For flavor text, the event card reads “The Invaders’ spread is threatening many of the smaller Spirits..” There are three steps to this particular event. The first is a choice where players choose either “Tend To Your On Strength” or “Forge a Web of Mutual Support”.
Of the two choices, tending to your strength means players gain a small benefit in exchange for temporarily ignoring the needs of the island. Each player gains a single energy to spend in a future round and then discards a minor power card from the top of the deck. If that card has a leaf element on it, a blight is removed from the Blight card. If an animal element is present on the discarded card, a Dahan is destroyed from a land with blight present in it already. Players must resolve both effects.
If this event appears later in the game, it’s entirely plausible that the removed blight or Dahan will bring a brutal defeat. Worse yet, this event doesn’t offer players an mitigation tools and choosing Tend To Your Own Strength could spell disaster.
The good news is that of the two choices on the event card, this is considered to be the worse of the two options. However, beneficial as Forge A Web of Mutual Support can be, it comes at a very high price.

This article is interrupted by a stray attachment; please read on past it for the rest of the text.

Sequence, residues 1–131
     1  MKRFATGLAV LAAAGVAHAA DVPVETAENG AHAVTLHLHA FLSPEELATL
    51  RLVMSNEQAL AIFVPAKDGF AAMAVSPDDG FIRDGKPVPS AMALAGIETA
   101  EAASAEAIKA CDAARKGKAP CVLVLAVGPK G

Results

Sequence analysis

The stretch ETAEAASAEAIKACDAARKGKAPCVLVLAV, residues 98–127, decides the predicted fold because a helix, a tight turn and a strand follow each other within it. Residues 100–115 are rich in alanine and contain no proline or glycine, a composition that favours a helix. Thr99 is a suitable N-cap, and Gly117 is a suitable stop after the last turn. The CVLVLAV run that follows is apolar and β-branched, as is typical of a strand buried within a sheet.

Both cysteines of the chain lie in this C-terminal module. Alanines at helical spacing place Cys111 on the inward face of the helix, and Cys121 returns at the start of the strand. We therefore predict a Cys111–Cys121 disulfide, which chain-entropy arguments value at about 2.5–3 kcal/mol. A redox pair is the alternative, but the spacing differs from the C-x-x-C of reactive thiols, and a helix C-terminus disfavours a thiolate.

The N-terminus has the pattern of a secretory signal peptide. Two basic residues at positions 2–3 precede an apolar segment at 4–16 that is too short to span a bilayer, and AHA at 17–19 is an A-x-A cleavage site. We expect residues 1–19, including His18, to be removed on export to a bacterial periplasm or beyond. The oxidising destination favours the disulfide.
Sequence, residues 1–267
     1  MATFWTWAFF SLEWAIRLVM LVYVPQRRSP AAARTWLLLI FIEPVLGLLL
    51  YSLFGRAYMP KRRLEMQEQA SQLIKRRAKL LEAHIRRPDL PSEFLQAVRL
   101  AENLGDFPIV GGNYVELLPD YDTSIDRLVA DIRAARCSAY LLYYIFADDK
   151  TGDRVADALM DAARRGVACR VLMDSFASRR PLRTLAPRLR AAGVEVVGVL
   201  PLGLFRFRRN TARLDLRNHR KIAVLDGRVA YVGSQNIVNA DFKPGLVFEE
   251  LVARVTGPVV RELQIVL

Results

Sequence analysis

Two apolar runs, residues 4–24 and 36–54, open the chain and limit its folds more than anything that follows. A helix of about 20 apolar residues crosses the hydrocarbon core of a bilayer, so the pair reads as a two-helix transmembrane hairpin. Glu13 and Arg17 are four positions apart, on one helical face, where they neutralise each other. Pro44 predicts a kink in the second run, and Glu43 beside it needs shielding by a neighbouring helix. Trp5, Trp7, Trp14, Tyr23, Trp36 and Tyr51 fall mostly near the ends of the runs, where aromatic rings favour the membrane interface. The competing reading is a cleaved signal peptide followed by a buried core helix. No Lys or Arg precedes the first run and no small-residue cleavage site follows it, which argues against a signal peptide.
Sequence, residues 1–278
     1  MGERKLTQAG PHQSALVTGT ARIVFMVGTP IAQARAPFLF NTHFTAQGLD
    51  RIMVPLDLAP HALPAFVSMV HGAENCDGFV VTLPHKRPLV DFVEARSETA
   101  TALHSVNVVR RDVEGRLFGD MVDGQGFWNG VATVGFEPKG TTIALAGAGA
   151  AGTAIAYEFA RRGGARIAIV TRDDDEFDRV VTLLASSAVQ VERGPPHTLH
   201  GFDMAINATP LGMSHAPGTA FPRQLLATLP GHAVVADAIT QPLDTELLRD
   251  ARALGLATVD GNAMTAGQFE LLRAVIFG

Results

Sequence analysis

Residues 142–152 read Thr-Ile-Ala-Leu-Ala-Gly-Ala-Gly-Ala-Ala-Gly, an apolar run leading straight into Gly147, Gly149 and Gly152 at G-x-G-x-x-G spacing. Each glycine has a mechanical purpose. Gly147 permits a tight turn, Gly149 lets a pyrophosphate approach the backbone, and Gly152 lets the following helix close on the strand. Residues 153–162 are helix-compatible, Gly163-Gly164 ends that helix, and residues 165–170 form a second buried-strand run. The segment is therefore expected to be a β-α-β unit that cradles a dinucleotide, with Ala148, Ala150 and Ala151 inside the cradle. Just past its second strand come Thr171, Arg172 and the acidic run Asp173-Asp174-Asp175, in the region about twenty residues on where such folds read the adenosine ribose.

The mutual support option grants each player spirit access to a permanent element for the rest of the game. While this might seem insignificant at first, it’s not uncommon that an essential boost to an innate power would only be one element away. Choosing to form a web of support could permanently solve this for every player.
To earn it, however, players will have to pay a combined total of four energy per player. Many spirits have low energy generation, and spending that much energy on a single event could set them back for as long as two rounds.
The upside is that this choice is “aided by the leaf element”. What this means is that for each leaf element on a power card played this round, the total energy cost for this event is reduced by one. If that’s still not enough, instead of paying from their energy, players can discard a power card in their hand with the leaf element to apply two energy toward the cost, or they can permanently forget a power, removing it from their hand for four energy toward the cost.
On one hand, this is a great way for players to trim the fat in their deck, removing powers that have otherwise proved to be ineffective. But I’ve seen it happen a few times where players don’t have any fat to trim and must lose a powerful card to avoid a loss. Thanks to the addition of the event deck, even the best choices available are also painful ones.
Thankfully, not everything is terrible. Event cards all have multiple effects, with only the first being particularly challenging. The other two typically provide some degree of benefits to players.